Marguerite Wilkinson: Songs of an Empty House

Songs of an Empty House

Marguerite Wilkinson


Before I die I may be great,  The chanting guest of kings, A queen in wonderlands of song  Where every blossom sings. I may put on a golden gown  And walk in sunny light, Carrying in my hair the day,  And in my eyes the night.
It may be men will honor me —  The wistful ones and wise, Who know the ruth of victory,  The joy of sacrifice. I may be rich, I may be gay,  But all the crowns grow old — The laurel withers and the bay  And dully rusts the gold.
Before I die I may break bread  With many queens and kings — Oh, take the golden gown away,  For there are other things — And I shall miss the love of babes  With flesh of rose and pearl, The dewy eyes, the budded lips —  A boy, a little girl.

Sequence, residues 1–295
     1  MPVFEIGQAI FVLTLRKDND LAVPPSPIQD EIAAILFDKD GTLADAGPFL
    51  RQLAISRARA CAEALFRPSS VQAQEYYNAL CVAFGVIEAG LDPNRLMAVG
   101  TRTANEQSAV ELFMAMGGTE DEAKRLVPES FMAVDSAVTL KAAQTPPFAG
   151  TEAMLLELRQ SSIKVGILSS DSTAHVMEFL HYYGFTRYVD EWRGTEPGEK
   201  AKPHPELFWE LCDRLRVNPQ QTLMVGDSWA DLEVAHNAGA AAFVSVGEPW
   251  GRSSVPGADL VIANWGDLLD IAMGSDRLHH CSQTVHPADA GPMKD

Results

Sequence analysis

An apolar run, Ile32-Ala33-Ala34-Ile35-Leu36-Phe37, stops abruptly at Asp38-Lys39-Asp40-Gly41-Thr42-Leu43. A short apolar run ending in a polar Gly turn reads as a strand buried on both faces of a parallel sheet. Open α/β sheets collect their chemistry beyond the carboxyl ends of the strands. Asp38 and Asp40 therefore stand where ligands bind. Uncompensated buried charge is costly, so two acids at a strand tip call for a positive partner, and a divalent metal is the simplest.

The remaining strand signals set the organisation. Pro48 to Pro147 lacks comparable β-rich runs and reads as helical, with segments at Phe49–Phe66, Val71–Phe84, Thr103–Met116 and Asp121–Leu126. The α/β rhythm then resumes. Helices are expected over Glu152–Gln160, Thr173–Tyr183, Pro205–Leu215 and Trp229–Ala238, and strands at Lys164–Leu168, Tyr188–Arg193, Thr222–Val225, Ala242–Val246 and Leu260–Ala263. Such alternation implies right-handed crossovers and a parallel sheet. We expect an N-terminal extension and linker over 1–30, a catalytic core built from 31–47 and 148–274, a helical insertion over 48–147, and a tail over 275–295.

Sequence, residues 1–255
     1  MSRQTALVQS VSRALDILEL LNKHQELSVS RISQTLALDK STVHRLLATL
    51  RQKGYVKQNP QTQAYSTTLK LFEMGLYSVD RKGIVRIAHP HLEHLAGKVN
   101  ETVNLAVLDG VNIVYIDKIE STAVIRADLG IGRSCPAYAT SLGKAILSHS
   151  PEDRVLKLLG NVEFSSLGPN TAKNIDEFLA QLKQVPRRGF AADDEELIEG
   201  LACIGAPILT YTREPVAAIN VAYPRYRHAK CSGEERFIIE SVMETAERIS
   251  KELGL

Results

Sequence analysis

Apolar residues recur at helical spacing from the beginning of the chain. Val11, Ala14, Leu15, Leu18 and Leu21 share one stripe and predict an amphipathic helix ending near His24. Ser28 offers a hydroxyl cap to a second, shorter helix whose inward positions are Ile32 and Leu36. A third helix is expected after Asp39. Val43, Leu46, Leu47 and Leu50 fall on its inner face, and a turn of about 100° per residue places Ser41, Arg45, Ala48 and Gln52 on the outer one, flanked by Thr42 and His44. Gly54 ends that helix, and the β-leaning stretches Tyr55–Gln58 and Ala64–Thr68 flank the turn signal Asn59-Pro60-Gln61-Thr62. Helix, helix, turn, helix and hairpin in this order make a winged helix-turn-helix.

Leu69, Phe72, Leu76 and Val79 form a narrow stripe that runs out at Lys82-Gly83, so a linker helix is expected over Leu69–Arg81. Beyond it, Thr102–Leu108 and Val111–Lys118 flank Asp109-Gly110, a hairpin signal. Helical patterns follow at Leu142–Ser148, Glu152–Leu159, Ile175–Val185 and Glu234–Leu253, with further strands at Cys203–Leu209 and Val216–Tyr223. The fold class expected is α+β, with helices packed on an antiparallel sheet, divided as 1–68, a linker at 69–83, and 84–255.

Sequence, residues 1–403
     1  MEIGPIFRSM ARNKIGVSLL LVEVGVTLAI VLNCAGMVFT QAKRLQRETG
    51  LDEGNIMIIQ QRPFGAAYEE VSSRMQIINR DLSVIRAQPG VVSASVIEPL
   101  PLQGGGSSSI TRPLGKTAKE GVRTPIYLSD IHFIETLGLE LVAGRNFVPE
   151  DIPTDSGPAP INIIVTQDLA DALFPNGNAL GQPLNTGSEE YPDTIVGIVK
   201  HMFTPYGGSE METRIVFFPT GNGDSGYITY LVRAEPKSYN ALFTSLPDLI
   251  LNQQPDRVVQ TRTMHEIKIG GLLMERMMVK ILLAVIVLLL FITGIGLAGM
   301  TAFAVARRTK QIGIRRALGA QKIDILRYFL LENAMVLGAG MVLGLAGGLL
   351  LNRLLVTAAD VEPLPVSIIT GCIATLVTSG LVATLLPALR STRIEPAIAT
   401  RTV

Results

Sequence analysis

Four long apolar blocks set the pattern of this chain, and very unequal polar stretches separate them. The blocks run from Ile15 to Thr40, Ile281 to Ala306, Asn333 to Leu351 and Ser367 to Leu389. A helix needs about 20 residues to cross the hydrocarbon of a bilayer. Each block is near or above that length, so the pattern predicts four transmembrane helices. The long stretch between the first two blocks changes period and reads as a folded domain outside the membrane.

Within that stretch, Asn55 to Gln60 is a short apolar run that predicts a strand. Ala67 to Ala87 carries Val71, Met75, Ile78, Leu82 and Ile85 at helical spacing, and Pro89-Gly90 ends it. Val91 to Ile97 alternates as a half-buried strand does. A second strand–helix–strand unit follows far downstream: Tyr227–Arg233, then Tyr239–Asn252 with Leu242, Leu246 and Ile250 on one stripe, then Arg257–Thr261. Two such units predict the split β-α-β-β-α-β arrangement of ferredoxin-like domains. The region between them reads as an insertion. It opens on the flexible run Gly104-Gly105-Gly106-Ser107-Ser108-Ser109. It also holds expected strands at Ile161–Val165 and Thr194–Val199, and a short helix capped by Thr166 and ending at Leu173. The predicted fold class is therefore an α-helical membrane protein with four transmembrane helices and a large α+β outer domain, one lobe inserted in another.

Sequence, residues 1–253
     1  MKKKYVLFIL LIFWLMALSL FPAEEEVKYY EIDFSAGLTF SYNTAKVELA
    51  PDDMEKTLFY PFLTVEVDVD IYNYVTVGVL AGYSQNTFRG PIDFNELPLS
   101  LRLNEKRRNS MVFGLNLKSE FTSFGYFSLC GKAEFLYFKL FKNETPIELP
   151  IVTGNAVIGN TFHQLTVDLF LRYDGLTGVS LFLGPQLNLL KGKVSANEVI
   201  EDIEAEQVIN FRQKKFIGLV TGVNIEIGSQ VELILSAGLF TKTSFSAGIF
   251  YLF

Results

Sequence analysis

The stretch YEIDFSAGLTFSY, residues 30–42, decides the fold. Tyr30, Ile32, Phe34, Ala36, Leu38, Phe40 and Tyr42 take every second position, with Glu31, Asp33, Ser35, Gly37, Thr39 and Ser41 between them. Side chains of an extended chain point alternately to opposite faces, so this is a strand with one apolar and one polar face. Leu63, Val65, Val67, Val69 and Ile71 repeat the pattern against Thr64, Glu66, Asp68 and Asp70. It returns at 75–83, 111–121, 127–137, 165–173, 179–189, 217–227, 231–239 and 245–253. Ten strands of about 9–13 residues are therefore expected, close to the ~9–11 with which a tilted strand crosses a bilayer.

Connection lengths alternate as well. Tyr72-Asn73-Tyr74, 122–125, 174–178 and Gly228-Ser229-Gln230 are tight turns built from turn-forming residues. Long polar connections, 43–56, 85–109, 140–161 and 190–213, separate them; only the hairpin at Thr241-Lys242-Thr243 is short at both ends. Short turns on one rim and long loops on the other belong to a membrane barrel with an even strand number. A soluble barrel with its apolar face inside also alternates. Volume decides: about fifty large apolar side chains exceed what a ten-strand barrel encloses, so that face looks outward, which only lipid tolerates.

The End

My father got me strong and straight and slim,    And I give thanks to him; My mother bore me glad and sound and sweet, —    I kiss her feet.
But now, with me, their generation fails,    And nevermore avails To cast through me the ancient mould again,    Such women and men.
I have no son, whose life of flesh and fire    Sprang from my splendid sire, No daughter for whose soul my mother's flesh    Wrought raiment fresh.
Life's venerable rhythms like a flood    Beat in my brain and blood, Crying from all the generations past,    "Is this the last?"
And I make answer to my haughty dead,    Who made me, heart and head, "Even the sunbeams falter, flicker and bend —    I am the end."